Tony Vagneur: Saddle Sore |

Tony Vagneur: Saddle Sore

Tony Vagneur
The Aspen Times
Aspen Co, Colorado

An Aspen emigre, she found me entirely by accident, through my column on the Internet. I recognized her name immediately, and thoughts of the tomboyish, scrawny girl with freckles and strawberry blonde hair ran through my mind. We spent an entire fifth-grade afternoon building a snow fort together, and by the end of the day, I imagined I couldn’t live without her.

By the next year, however, her family had left town and I mostly forgot about her, except for that enchanted winter day, a memory that, it turns out, was cherished by both of us. Something like the secret handshake of an exclusive club, it established a warm rapport between us when we finally rendezvoused again, about a year ago.

It was clear she wanted to talk, and even though I warned her I wasn’t anything like my columns, at least not in person, she forged ahead, anyway. She’d fallen in love with a great guy, she said, one who was affectionate, intelligent and one with whom she couldn’t wait to roll the dice on the future. Two months after the wedding, he was shipped to Vietnam. As it does for so many soldier’s wives, it all ended with his death, all of it except the memories.

There was the olive-green sedan, the two uniformed messengers bringing the mind-shattering news of her husband’s death, and little more. Her breath came in short gasps for weeks on end, it seemed, and nothing could assuage the darkness. Eventually there were his personal effects, bound up in a cardboard box, such as her letters to him, his dog tags and family pictures. And the flag which covered his coffin at the military funeral. It was impossible to view his body, because it couldn’t be done, and she wondered for the longest time if maybe someone hadn’t made a mistake. And then, she’d remember the dog tags.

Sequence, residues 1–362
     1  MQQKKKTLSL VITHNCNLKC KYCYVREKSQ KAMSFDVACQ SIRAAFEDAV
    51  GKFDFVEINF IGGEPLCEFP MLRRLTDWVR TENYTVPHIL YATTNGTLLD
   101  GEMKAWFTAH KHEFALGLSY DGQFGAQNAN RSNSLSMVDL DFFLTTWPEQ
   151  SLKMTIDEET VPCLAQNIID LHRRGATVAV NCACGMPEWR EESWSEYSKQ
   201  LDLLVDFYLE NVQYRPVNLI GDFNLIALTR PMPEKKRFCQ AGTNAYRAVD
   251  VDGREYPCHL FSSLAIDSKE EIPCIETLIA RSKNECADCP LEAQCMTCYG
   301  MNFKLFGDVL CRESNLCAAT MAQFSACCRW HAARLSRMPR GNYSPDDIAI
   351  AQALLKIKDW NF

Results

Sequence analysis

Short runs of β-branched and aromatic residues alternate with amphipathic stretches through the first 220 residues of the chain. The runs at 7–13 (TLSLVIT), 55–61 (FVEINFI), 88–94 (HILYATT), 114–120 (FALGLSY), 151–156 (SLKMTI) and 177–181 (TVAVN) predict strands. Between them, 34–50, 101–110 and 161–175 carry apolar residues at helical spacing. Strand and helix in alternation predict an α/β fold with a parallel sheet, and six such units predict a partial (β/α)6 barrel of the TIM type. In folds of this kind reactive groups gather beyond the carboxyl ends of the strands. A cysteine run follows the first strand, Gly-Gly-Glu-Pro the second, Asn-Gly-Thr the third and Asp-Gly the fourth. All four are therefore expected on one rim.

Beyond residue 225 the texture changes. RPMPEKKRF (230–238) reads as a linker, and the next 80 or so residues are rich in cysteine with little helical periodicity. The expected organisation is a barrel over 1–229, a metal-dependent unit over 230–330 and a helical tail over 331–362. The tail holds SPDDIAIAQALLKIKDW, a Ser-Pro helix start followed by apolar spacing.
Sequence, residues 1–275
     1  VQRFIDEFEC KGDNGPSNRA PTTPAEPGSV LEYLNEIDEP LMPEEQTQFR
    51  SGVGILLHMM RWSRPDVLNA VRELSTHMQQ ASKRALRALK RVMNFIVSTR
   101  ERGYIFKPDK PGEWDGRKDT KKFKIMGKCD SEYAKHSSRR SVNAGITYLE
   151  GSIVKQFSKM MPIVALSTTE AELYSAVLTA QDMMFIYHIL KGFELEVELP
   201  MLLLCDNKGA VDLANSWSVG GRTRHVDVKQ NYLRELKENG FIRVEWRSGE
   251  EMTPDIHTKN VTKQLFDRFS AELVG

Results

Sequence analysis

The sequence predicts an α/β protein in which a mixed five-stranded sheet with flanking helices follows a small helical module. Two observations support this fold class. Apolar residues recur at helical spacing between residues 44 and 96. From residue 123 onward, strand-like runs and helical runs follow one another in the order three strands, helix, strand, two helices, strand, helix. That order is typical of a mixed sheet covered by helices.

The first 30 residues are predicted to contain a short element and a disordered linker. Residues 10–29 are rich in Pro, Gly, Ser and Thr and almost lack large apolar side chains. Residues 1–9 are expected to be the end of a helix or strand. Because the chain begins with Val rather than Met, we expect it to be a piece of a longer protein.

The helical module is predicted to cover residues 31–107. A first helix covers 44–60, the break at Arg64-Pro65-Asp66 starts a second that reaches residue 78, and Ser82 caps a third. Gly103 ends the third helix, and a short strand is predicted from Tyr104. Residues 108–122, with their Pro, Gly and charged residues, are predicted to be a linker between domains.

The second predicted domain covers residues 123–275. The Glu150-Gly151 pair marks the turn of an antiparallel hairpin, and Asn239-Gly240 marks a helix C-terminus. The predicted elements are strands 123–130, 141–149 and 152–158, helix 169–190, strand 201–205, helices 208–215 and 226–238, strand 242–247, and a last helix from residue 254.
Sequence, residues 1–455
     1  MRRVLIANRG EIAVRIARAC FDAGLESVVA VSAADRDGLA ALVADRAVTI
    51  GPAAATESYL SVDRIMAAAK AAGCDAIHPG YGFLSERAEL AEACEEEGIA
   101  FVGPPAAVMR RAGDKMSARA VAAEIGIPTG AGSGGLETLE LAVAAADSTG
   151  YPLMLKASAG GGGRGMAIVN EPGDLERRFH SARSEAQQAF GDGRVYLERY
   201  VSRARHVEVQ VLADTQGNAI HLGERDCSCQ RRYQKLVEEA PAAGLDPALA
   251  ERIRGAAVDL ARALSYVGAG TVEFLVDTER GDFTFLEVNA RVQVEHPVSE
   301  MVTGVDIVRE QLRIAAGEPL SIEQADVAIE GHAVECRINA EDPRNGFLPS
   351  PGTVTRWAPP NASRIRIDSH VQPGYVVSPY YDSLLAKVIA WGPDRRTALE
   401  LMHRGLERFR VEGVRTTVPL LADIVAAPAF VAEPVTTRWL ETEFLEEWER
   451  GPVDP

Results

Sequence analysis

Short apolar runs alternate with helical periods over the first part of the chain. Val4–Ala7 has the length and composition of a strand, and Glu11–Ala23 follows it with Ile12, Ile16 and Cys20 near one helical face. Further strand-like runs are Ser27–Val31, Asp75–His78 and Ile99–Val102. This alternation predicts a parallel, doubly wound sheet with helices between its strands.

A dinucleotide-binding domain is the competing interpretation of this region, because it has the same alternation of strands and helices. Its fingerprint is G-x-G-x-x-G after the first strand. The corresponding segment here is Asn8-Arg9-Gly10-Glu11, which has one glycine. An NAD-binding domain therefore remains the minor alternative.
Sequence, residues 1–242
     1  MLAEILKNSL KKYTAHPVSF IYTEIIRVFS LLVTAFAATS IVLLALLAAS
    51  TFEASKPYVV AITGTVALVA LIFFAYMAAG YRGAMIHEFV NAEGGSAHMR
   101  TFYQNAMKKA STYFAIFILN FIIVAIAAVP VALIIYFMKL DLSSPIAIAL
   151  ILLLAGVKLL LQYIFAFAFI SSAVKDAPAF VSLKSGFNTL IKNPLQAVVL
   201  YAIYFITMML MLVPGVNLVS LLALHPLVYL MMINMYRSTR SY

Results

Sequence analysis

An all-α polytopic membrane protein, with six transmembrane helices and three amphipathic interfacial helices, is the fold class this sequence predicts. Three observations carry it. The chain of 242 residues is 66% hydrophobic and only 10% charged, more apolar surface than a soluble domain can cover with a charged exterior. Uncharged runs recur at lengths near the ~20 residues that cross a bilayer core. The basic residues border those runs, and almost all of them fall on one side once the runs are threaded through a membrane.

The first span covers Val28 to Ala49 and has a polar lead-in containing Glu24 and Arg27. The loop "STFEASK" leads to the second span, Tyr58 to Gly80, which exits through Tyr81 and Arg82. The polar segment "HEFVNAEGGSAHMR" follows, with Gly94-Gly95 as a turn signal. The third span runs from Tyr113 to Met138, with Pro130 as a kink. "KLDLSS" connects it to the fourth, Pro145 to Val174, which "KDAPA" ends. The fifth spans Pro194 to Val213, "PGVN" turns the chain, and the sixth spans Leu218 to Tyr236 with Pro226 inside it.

He was a number, a casualty of war, one of some 58,000 who gave their lives on foreign soil. But, he was also her husband, half of a couple that looked to the future with hope, anxious to raise a family, to build a life, to love each other as fully as they had before he left for war. And it is his death we can see, maybe because we’ve read war novels and watched movies of the same kind, children living vicariously through heroes on the big screen or in novel pages depicting heroic skirmishes.

We don’t see the abrupt end to her visions and aspirations for their life together. It is hard for her to reconcile the notion that her husband is not coming home, not ever again. A young girl, 22, she has a life to live, and somehow she needs to get over it, or so everyone seems to be saying. And she buries the personal effects of her husband literally and figuratively in the back of the closet, along with his letters to her, never looking again, not after that first painful experience. Saying goodbye is tough, and maybe it’s better to move on and let the past fade away. There is a future somewhere, marriages and bad relationships and enough depression to keep the sky black most of the time.

Booze and drugs kill the pain, but only for a while, and this insidious beast that rides inside her begs to be put to rest. She’s a combat victim, as well, a casualty of war, collateral damage in the military vernacular, and without knowing why, her life is precarious.

Her husband was killed in the ’60s, and there’s something sad, but also heartening to hear her talk of finally pulling the box out of the closet, of reading the letters over and over again, and for Christ’s sake, of crying her heart out, days at a time. And the healing has begun, but the war will never be over for her, not until she sees her soldier coming up the walk one last time.

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